It seems to me that we are at a critical time when we think about the voices that we are listening to.

We can’t avoid the power of twitter and facebook and Instagram.

The information and misinformation.

We are called to follow Jesus , the way the truth and the life, and yet we know the power of misinformation and conspiracy theories that weigh so much on people’s fear and superstition.

So as we discern, as we pray for wisdom, there is this  one voice we are called to listen to  - it is  this one  - This is my son. My chosen listen to him.

You go along and along the same road and then you come to a moment where the outlook, the vision the landscape changes.  That’s  what happens today.

A transformation in how Jesus’s followers saw Jesus. God’s Son.  But also a second transformation. In how those disciples saw their purpose, their understanding, what it means to follow Jesus.

How we see Jesus, and what it means to follow him.

You stand at a high place and you can look in all this different directions. Back to the city out to the ocean maybe.

Our story this morning has these dimensions

Looking Back

As Peter, James, and John are there on the mountain with Jesus, we read that, “a cloud came and overshadowed them.”

Remember back in December  what the angel says to Mary. She is told that she is going to give birth to the Saviour.  In answering Mary’s question about how it is possible that she will bear the Messiah, as she is a virgin, the angel says, “The Holy Spirit will come upon you, and the power of the Most High will overshadow you”  

So looking back, the  overshadowing, the angel goes on to say, “ … therefore the child to be born will be holy; he will be called Son of God.”

And then, when he is baptised the voice comes again, “This is my Son, the Beloved,” the echoed in our reading “This is my Son, my Chosen, listen to him.”

So on our mountain if we look back we have this sense that the Gospel story is building to this point.  Things are not what was expected.  

Then we read

30 Suddenly they saw two men, Moses and Elijah, talking to him. 31 They appeared in glory and were speaking of his departure, which he was about to accomplish at Jerusalem

And so we are led now by this confusing story of Elijah and Moses,  the law and the prophets - to look forward. To the moment of fulfilment.

As we  look forward.

Two more mountains are in Jesus’ future: the Mount of Olives and Golgotha.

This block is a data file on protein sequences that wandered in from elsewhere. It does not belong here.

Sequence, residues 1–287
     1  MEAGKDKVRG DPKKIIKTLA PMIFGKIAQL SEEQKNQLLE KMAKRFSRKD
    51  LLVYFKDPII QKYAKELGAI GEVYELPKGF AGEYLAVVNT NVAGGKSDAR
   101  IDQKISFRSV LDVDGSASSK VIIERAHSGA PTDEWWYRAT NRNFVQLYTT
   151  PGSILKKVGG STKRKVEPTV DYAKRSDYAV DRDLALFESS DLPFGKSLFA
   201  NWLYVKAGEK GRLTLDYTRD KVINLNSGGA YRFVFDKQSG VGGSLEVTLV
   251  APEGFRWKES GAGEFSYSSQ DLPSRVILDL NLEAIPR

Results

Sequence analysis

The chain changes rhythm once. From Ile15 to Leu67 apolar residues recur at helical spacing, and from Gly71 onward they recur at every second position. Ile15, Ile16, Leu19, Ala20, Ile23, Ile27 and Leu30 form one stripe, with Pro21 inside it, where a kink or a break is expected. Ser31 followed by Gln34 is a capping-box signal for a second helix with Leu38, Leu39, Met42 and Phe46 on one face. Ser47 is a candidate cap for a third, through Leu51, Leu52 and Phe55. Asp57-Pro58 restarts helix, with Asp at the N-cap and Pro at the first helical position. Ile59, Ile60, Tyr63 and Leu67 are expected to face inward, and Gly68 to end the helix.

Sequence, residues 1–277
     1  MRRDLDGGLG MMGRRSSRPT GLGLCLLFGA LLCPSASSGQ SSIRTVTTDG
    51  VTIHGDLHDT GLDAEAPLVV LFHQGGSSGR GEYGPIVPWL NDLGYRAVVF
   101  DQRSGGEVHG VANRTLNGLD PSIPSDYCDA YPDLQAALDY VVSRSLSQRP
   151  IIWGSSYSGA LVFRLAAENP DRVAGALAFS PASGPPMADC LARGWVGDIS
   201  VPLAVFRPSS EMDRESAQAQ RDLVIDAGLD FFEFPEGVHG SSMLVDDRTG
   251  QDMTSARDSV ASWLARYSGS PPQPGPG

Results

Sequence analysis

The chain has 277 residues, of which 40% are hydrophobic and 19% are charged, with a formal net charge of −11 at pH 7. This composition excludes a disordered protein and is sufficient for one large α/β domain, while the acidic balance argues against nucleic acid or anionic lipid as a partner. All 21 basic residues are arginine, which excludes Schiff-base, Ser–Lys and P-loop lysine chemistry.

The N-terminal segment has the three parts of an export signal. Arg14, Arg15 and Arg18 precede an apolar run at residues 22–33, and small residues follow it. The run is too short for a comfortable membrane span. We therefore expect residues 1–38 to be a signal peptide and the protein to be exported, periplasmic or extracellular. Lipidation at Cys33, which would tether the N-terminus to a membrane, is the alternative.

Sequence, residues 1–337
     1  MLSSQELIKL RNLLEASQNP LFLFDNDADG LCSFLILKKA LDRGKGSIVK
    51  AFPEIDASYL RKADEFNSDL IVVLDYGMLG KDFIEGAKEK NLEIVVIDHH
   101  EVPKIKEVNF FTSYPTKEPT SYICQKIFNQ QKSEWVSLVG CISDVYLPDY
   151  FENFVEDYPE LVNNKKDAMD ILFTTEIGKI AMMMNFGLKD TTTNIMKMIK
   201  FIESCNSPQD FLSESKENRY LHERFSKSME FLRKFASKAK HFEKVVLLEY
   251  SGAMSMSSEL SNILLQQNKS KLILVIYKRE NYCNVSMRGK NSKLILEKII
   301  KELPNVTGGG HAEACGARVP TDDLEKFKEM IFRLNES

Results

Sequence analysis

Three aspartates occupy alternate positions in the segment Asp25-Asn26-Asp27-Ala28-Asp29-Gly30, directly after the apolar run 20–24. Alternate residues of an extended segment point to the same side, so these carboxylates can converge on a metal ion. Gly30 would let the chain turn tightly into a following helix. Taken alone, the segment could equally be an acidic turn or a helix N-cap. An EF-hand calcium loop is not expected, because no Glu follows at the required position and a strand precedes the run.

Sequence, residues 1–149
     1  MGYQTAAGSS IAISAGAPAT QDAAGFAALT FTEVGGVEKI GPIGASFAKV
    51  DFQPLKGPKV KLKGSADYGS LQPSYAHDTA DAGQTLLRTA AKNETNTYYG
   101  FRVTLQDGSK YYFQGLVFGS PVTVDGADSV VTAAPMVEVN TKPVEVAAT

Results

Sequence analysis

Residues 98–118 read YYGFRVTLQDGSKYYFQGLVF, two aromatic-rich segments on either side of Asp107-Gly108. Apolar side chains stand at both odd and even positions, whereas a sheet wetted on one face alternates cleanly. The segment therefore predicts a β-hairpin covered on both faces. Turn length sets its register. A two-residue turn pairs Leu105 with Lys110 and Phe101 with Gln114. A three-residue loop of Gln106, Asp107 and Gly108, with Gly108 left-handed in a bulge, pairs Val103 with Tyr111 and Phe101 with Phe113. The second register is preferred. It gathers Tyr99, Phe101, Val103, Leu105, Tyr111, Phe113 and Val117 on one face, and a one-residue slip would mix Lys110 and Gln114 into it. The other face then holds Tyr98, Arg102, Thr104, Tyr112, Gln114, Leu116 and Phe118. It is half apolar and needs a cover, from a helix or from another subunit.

On the Mount of Olives, Jesus is again accompanied by his disciples, and again he goes up the mountain to pray.

And finally at Golgotha.   At the mount of the crucifixion, Jesus is, again, not alone. He has two men with him; not Moses and Elijah, but two criminals.

His true glory looks an awful lot like glory’s opposite.

His true glory is not to be found in a changed face or clothes of dazzling white, but outstretched arms and bloodied hands and feet.

Think how extraordinary this story is. The writers of the Gospel looked back from their discovery of the risen Jesus.  

They recalled his teachings, his stories, his friendship and welcome to the tax collectors prostitutes, the sick, and this unbelievable discovery that following Jesus was the source, not of death but of life. Not of failure, but of victory.  That his way of forgiveness and grace was the way of their salvation.

We can join with them and choose to follow Jesus today.

A calling to being part of God’s mission, our purpose our calling.

To come to a faith where these things of following Jesus are the real source of light and transformation.

Three things.


The vision today that has stayed with followers of Jesus. This encounter with Jesus changes things. The lens through which we view ourselves, the past, the future is changed.  There is a new sense of confidence and certainty and courage which became such a quality among those first Christians as they reflected on the meaning of this encounter.  

The disciple Peter would later write, “We did not follow cleverly invented stories when we told you about the power and coming of our Lord Jesus Christ, but we were eyewitnesses of His majesty.


That drive and push to what scripture calls ‘gaining the whole world’ and whatever that means for each of us - wealth, status security the desire for certainty.  Is changed to another purpose. To hear Jesus voice, speaking from a totally different understanding of glory,  to take up our cross to follow him.  

And finally, that call for wisdom and discernment.

In a world where there are so many voices there is for us, just one voice which we need to hear today. This is my Son – listen to him.

To find our purpose in the midst of the tough and difficult, to see God’s glory made real in the midst of the ordinary . The transformation –  in the people we serve, the love we show the hope we bring.  


Martin Baker

Martin began his ministry here in March 2015. Martin has been a minister for over 30 years and brings a breadth of experience in church and community leadership roles.